Twenty Years Ago Today: Naval Lovers Sentenced for Stealing Ship Funds

HMS Invincible. Who knew that such a fine, upstanding vessel could harbour such criminality? Twenty years ago today, two petty officers from the HMS Invincible were sentenced for stealing £11,303 in cash from the ship and then deserting their posts for a spending spree in Greece and Spain. Petty Officers Sylvia Panter and Ian Luff had fallen in love while serving together, despite the fact that both of them were married to other people.

The two had bonded after Panter was assigned to the Invincible, her first shipboard posting after nine years of service. She was given only three day's notice of her assignment to the post of ward fund cashier, for which she had no training. Luff, who was old enough to have survived the destruction of the HMS Coventry during the 1982 Falklands War, took her under his wing as her 'sea-daddy' (which is actually a time-honoured tradition within the RN - an older sailor mentoring a younger one is something that even Horatio Nelson benefited from).

But Panter still couldn't cope, and the pair grew closer. While the ship was moored at Corfu, she went to pieces after being denied shore leave for turning up late to duty. Eventually, fearing that she would follow through on her threats of suicide, Luff accompanied her as they fled the ship with the contents of the safe, and headed out into Greece and then Spain. But once they'd spent about £2,000 on clothes, drink and hotels, they realised just how much trouble they were in and came to their senses. They gave themselves up in Barcelona, along with the remainder of the cash - though not before selling their story to The Sun for £10,000.

Panter was sentenced to 18 months in a civilian jail, while Luff received 15 months of the same. Both were dismissed from the Navy and lost their good conduct medals. Luff managed to stay out of the papers after that, but Panter was 'uncovered' as a former criminal in 2006, when various newspapers expressed disgust that she was in a senior NHS job at a trust that just happened to be run by her husband. This is, of course, rather shocking, but it's worth remembering that one of the newspapers uncovering this particular scandal was The Sun, which had happily thrown money at Panter twelve years earlier. It's almost as if there wasn't enough hypocrisy to go around...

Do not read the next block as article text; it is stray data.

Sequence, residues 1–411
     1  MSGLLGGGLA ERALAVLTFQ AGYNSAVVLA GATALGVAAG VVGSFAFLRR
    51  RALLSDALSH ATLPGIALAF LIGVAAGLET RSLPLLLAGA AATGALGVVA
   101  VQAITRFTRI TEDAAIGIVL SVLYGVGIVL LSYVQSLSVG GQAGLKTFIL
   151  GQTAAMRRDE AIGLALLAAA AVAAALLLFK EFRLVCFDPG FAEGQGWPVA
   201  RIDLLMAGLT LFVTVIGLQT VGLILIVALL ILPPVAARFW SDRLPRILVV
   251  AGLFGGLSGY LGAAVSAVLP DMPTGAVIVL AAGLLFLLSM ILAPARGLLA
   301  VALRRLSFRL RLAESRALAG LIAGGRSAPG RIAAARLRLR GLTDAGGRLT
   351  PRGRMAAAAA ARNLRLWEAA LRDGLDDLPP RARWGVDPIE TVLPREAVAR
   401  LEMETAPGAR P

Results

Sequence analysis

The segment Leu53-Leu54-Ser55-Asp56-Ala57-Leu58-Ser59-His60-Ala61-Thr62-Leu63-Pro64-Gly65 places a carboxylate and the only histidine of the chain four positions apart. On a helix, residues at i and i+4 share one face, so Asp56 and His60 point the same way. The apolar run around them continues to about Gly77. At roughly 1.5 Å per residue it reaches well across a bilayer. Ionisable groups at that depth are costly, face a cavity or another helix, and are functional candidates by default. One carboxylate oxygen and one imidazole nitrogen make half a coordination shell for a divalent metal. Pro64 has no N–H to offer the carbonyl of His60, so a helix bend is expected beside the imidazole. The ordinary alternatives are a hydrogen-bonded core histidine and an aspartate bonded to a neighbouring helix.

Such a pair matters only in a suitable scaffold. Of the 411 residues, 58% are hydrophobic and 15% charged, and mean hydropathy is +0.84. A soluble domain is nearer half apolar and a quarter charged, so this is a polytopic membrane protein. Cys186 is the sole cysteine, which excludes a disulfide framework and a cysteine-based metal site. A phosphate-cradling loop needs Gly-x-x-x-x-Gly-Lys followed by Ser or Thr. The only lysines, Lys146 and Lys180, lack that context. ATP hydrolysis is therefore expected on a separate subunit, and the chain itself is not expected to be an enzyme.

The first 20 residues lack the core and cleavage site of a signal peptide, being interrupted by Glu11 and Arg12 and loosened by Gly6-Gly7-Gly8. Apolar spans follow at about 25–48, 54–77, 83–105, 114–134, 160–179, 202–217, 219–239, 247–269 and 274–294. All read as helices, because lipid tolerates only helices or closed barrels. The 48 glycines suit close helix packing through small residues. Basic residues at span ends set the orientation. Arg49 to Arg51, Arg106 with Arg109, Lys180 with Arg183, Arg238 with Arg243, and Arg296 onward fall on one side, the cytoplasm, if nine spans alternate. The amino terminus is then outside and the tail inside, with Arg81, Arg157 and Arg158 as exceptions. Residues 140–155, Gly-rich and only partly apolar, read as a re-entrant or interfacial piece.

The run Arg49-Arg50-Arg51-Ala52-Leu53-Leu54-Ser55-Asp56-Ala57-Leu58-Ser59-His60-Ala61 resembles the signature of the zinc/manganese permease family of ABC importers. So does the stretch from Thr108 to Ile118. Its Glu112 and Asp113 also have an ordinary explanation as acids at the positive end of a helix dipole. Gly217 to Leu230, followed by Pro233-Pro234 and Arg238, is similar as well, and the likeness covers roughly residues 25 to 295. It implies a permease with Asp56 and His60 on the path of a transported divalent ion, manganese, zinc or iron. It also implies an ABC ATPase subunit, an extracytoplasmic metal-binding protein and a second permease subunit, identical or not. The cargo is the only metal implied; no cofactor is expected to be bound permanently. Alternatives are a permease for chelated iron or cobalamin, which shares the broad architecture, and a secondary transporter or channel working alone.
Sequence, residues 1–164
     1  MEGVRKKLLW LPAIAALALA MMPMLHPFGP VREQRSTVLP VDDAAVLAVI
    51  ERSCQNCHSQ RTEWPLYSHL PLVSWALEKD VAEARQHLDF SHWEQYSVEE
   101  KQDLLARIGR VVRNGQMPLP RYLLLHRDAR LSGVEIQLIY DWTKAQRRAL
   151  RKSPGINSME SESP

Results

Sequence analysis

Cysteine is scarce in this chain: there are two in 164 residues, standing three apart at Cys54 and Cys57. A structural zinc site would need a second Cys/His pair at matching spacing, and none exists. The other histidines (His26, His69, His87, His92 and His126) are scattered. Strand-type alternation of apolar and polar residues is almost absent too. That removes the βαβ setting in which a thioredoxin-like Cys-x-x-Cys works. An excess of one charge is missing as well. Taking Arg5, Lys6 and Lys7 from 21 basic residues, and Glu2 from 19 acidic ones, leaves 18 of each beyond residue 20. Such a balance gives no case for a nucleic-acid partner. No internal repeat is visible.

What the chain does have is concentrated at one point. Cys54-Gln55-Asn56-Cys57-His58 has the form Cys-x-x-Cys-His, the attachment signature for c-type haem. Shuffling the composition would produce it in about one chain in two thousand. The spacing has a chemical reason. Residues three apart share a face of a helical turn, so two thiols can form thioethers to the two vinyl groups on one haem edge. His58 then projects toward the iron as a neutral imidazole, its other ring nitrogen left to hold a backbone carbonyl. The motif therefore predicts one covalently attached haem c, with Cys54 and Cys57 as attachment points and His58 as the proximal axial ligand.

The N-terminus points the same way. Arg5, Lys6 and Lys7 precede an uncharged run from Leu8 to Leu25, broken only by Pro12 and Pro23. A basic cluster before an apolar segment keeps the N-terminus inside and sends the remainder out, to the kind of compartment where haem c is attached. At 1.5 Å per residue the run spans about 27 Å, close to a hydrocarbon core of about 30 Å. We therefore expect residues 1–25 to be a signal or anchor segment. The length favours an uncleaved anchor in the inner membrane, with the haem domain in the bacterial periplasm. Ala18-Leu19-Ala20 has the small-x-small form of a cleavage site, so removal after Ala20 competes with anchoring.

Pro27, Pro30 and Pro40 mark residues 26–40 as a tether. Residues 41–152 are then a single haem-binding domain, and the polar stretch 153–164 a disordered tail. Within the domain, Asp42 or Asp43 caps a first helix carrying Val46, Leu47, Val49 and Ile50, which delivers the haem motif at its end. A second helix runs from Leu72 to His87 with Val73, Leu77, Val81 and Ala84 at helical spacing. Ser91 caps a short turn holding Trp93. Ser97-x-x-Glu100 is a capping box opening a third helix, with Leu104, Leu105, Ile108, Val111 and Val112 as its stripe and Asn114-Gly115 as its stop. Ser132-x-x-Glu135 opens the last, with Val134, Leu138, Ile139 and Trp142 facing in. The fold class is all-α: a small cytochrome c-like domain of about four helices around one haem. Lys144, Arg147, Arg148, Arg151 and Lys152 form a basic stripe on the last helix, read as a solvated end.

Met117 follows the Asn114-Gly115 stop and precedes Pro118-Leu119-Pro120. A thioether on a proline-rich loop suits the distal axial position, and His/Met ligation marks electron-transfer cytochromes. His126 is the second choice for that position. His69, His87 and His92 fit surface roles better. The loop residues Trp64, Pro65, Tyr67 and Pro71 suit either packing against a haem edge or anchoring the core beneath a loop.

Twenty Years Ago Today: Lillehammer Screaming

Remember the days when Olympic logos were vaguely sensible? Twenty years ago, it was a bit of a hectic day in Norway. Up in Lillehammer, a town of about 25,000 people, the Winter Olympics began with the usual lavish two hour opening ceremony. The games would go on for the next two weeks and feature every kind of sport that requires some kind of low-friction, low-temperature surface to generate hilarious pratfalls. Sadly for this blog post, this was not the Olympics of Cool Runnings, nor was it the hour for Eddie the Eagle to make his mark on the world. The biggest drama on ice or snow was probably the ongoing controversy surrounding the US skater Tonya Harding, which we've already covered in more than enough detail.

But back in Oslo, the capital of Norway, dirty work was afoot. Thieves broke into the National Gallery and made off with one of the four versions of Edvard Munch's world renowned painting The Scream (or Skrik in Norwegian). They left a note of thanks for the poor security; the painting had been moved as part of an exhibition celebrating the Olympics, and wasn't being kept quite as safely as usual. A ransom demand for $1m was sent by the culprits in March, but the Norwegian government said no. Since Austin Powers had not yet been made, no one was able to make an ironic reference to this at the time. I shall now rectify this oversight:

One Million Dollars

The painting was eventually recovered safe and sound, after a bit of creative skulduggery from the Metropolitan Police (because apparently the Norwegians just aren't as devious as we are - bless). The sordid tale is told in this little documentary snippet:

This was not the last time that one of the four Scream paintings would be stolen; another went walkies from the Munch Museum (also in Oslo) in 2004, before being recovered in 2006. Art theft is, of course, a very serious issue, although one that presents a major problem for the thieves as a painting expensive enough to really be worth stealing is probably too well known to be sold on even the black market. The most recent sale of one of the versions of The Scream netted $120m. Even Dr. Evil would be impressed by that.


(I haven't mentioned the actual painting itself all that much - here's a BBC documentary if you want to know more about why the hell we all have this image imprinted on our brains).

UPDATE: Hey, the BBC thinks this is an interesting story too! The BBC News website has a little piece on it, interviewing one of the detectives who helped recover the painting. Fun stuff.